From the CNN report:
Daschle didn't address his defeat in his 20-minute farewell address, but he offered a litany of accomplishments made during his years on Congress on behalf of South Dakota and its citizens, as well as reminiscing fondly about his trademark annual car trips through each of the state's 66 counties.
He also told his colleagues that he was "proud of those moments when we found common ground."
In the Senate, the Democratic leader, Tom Daschle of South Dakota, who lost his re-election bid, delivered a poignant farewell speech that brought him a standing ovation.
"It's had its challenges, its triumphs, its disappointments," Mr. Daschle said of his 26-year career in Congress, which included a decade as the Democratic leader. "But everything was worth doing."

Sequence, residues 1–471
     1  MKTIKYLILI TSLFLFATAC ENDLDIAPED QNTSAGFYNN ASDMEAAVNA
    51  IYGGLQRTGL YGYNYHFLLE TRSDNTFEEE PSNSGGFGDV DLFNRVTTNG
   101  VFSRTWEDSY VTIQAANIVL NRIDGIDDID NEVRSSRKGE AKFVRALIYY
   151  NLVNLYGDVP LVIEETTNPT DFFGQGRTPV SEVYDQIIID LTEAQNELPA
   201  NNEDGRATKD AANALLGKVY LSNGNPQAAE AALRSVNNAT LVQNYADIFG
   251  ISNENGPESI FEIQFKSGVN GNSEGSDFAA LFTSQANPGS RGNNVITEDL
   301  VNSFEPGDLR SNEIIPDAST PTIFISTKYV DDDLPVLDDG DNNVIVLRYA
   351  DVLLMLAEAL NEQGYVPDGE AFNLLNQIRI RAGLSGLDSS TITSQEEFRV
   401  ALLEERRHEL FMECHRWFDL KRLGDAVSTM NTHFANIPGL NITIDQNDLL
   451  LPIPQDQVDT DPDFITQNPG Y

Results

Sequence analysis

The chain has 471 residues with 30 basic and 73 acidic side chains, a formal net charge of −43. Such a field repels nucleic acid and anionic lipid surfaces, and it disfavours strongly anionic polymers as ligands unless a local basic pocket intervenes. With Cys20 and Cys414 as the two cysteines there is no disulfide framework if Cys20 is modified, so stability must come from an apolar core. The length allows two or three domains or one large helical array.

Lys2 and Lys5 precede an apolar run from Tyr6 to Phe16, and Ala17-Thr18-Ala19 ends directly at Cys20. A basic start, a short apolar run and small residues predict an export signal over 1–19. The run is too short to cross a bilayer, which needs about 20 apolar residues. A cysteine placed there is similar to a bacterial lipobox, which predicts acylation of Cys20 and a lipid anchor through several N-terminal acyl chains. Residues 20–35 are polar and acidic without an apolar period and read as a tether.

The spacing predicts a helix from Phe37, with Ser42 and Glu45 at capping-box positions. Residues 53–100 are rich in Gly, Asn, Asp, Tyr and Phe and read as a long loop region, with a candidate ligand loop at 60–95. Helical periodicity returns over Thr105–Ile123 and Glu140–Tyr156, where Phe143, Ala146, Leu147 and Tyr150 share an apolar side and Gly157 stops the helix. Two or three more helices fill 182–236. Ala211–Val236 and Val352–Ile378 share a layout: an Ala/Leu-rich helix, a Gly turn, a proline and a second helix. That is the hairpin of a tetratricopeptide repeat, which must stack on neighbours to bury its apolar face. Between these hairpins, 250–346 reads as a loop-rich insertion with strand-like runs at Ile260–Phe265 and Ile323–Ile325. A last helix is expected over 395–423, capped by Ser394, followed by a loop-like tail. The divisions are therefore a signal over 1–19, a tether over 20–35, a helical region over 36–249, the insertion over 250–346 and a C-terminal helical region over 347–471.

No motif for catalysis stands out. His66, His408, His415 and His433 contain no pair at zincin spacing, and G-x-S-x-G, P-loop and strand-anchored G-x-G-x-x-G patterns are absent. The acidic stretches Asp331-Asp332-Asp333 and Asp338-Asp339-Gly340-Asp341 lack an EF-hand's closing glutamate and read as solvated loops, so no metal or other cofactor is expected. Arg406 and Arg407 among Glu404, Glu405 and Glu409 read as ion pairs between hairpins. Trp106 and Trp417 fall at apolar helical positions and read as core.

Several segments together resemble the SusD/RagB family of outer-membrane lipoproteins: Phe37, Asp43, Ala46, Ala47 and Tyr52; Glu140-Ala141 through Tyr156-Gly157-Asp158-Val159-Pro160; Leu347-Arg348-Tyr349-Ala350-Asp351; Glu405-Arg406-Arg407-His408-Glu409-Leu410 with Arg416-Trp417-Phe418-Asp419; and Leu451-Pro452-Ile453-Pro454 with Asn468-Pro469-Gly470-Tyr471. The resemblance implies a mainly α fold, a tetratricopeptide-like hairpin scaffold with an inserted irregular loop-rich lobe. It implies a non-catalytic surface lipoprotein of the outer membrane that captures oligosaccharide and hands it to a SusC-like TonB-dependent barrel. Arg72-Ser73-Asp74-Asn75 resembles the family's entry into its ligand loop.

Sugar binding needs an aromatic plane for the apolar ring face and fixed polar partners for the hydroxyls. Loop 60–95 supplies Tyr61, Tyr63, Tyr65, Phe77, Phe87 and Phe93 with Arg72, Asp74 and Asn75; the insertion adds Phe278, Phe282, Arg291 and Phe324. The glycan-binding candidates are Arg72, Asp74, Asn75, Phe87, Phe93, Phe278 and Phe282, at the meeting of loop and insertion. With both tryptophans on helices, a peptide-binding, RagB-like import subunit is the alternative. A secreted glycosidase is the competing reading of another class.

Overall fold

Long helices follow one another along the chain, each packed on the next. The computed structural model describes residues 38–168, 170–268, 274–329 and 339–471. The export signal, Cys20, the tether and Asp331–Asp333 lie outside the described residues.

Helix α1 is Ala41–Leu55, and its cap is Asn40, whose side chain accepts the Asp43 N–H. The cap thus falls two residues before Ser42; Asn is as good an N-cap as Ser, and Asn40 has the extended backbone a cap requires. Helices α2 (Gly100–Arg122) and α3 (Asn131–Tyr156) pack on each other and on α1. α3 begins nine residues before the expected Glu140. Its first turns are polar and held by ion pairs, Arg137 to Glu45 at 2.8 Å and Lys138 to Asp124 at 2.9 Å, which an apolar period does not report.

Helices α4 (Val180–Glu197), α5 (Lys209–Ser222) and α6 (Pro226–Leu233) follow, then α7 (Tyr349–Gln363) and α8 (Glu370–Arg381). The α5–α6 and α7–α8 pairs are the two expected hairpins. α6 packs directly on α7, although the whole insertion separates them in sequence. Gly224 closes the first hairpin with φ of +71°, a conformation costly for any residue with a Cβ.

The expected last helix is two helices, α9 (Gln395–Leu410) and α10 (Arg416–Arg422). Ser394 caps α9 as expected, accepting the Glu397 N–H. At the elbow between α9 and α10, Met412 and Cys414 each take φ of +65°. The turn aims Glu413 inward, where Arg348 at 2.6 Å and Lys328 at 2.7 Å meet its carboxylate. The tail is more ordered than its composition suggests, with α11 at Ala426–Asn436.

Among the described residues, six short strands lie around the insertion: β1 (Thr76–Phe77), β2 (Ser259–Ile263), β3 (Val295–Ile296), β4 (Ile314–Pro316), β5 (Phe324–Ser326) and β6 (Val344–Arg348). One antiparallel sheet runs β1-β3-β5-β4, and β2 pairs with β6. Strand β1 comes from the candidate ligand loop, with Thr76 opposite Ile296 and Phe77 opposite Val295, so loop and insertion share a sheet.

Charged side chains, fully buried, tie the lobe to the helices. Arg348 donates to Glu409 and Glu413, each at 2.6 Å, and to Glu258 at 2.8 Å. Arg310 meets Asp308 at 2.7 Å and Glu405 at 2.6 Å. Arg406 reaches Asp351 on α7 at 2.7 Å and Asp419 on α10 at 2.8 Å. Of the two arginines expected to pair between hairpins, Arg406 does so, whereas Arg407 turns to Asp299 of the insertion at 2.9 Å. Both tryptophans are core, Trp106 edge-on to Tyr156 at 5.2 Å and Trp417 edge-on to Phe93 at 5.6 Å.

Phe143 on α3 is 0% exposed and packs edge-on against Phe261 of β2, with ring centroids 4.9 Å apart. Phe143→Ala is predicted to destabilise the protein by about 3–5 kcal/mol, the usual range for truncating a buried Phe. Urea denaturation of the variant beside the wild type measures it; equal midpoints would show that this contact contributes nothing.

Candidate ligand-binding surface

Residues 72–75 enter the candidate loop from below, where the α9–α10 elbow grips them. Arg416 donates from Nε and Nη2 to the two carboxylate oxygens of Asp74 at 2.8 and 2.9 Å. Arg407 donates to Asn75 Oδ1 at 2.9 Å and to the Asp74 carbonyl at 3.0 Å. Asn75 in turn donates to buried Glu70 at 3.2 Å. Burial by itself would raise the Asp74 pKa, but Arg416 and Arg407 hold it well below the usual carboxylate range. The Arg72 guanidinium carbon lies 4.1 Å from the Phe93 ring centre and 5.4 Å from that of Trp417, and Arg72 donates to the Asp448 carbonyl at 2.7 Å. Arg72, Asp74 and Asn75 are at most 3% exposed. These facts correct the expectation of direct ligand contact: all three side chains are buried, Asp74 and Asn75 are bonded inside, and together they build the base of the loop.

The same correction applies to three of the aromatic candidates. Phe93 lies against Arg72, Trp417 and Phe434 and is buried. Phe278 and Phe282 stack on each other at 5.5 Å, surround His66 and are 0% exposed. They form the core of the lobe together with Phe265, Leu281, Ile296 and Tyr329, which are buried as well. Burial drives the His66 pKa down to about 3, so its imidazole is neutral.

Mr. Daschle is the first Senate party leader in more than half a century to lose a re-election campaign. His emotional talk, in which he also urged his colleagues to find "common ground," was attended by nearly all of the Senate's Democrats, who gathered him in their arms and hugged him afterward.
But only a few Republicans showed up, and Senator Bill Frist, the majority leader, who broke with Senate tradition to campaign against Mr. Daschle in his home state, South Dakota, did not appear until after Mr. Daschle finished speaking. The scant Republican showing provoked Senator Frank R. Lautenberg, Democrat of New Jersey, to speak out. "I don't know why, why in the closing days, some element of comity, some element of grace, some element of respect for a human being, could not have gotten some of our friends out of their offices," Mr. Lautenberg said.